The word ‘offence’ has the same meaning as provided by section 40 of the Code. The section does not insist that it shall apply only when the abettor is present at the time of commission of the act, but abetment on his part must be proved along with the fact that the act has been committed in consequence of the abetment. With respect to illustration (a), however, it is important to note that sections 161 to 165-A of the Indian Penal Code stand omitted by section 31 of the Prevention of Corruption Act, 1988 with effect from September 9, 1988.
Where the accused abetted others to commit rape but himself did not commit rape but kept a watch while others were committing the crime, a conviction under section 376 read with section 34 should be altered to one under section 376 read with section 109 of the Code.
Where the accused is charged with committing the offence of abetment by aiding another to commit a particular offence, he cannot be held liable for the same once the alleged main offender is acquitted of the charge of committing that particular offence. This, however, applies to the charge of abetment by aiding only and not to abetment by instigation or abetment by conspiracy.
Where the accused abetted others to attack the victim with deadly weapons but not to cause his death, he should be held guilty under sections 324 and 109 and not under sections 307 and 109 of the Code. Where the accused who was known to an Oath Commissioner identified a person as another person before him and got an affidavit attested by the Oath Commissioner as if the same was sworn by the right person, it was held that a charge against him under sections 419 and 109 of the Code could not stand as the act was not likely to cause damage or harm to the Oath Commissioner in body, mind, reputation or property.
Where the accused was charged with having committed the offence of criminal breach of trust under section 409 of the Code, but the court was satisfied that instead he had abetted the offence of section 409, he could be convicted for the abetment even though he was not guilty for the main offence under section 409 of the Code.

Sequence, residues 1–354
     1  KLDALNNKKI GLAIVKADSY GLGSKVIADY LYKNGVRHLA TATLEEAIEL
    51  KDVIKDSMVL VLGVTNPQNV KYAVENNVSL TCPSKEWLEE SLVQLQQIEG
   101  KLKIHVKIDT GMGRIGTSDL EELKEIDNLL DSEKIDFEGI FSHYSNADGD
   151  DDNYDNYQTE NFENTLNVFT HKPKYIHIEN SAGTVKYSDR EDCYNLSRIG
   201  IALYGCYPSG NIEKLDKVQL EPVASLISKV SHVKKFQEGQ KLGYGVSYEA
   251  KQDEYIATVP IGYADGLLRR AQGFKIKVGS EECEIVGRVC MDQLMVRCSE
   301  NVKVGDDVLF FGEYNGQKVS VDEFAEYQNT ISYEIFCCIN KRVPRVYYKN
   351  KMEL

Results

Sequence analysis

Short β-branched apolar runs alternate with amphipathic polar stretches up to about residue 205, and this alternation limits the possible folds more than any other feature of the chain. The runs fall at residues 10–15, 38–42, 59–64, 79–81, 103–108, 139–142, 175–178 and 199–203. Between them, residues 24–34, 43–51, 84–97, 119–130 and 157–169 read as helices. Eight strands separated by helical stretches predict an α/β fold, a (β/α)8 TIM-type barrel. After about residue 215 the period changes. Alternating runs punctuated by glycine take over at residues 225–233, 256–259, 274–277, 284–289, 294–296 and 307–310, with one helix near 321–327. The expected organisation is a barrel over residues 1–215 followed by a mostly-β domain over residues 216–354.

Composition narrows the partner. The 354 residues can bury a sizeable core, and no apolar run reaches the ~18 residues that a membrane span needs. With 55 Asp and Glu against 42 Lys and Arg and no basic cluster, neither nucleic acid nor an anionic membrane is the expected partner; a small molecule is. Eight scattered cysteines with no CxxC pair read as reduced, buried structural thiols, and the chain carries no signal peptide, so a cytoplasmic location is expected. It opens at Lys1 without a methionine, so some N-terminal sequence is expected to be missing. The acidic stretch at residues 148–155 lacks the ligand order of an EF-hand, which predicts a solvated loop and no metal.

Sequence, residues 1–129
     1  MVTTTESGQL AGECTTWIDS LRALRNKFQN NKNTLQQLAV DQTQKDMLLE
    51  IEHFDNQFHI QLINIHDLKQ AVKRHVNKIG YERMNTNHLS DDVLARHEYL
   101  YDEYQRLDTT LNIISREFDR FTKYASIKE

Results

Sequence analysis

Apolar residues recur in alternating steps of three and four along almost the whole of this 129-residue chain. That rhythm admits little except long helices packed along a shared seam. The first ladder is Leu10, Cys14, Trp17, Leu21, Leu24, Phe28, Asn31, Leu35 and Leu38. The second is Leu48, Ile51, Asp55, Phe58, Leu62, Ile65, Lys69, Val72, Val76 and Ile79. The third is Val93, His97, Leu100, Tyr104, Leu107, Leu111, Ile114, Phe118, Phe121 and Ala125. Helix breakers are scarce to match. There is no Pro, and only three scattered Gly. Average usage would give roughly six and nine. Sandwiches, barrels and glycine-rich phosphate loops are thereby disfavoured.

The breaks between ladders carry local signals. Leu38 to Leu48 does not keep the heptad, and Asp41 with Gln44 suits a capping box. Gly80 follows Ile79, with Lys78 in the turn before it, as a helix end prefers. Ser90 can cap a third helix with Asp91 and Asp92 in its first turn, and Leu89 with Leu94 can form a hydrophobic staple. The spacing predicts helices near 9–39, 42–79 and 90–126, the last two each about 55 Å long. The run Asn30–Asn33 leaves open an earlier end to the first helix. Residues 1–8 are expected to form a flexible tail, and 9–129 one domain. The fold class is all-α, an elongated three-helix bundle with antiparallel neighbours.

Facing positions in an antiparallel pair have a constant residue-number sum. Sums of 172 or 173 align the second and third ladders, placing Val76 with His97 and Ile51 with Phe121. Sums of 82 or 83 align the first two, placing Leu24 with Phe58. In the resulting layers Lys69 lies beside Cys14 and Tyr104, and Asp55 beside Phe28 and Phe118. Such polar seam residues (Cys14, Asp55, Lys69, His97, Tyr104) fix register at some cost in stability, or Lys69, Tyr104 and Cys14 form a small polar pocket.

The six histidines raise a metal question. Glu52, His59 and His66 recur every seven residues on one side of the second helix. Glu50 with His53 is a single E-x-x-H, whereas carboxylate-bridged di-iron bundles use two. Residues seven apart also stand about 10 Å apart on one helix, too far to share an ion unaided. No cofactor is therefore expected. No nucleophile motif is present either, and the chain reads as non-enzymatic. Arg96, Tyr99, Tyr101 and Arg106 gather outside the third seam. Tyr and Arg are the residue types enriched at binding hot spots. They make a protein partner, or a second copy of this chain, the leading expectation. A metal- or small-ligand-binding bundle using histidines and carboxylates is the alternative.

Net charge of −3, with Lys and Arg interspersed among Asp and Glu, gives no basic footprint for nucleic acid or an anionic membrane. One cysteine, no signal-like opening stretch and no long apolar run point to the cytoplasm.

Private individuals can be prosecuted for abetment of offence of criminal misconduct along with the public servant under section 13(1) (e) of the Prevention of Corruption Act, 1988 read with section 109 of the Indian Penal Code.
In Guggillasanthosh Reddy v. State of Andhra Pradesh, the deceased was the son of the accused. The accused did not want to give him any share in property. The Andhra Pradesh High Court held that only this fact was not sufficient to hold that they were interested in killing their own son by abetting the co-accused to kill him. In an earlier dispute when the co-accused had attacked the deceased, the accused had maintained silence and maintaining silence in a prior incident cannot be taken as a basis for convicting the accused.
In Munnuswamy v. State of Tamilnadu, one accused was waiting for the deceased at the roadside whereas the other two were following the deceased on bicycle. The deceased who was also on a bicycle was made to stop by all of them. The deceased who started running for life was overpowered by them. Two of them were holding him and on being exhorted to stab the deceased, the third accused inflicted blows on him by a pen knife. Injuries were caused to vital organs like the chest and parietal region resulting in death.
The Supreme Court held the third accused guilty of murder and the first and second accused guilty under section 109 since the manner of the incident disclosed a pre-concerted plan and exhortation to stab shows that the other two accused knew that the third accused carried knife.
In Manoranjan Das v. State of Jharkhand the accused merely introduced the coaccused to a bank for opening an account. The co-accused after six months presented bogus drafts and withdrew amount of money. There was no evidence to show involvement of the accused in the fraud committed by the co-accused nor did he instigate the co-accused to present bogus drafts.
The bank passed the self cheque of the co-accused when there was insufficient money in his credit by acting on the bogus drafts. The Supreme Court held that the accused was not responsible for the loss sustained by the bank and his conviction for abetment of cheating was not proper.
In K. Ashoka v. N. L. Chandrashekar, there was an allotment of a plot of land by a cooperative society. The allegation in the complaint was that a conspiracy was hatched whereby allotment was made in favour of a person who was not entitled to become a member of that society and further that the said allotted plot was assigned in favour of a third party for a huge sum of money. The Supreme Court held the accused guilty under sections 109 and 420 of the Code.
Whether an abetment is cognizable or non-cognizable, bailable or non-bailable, compoundable or non-compoundable depends upon the procedure for the offence abetted. The court which is competent to try the offence which has been abetted is competent to try the abetment also.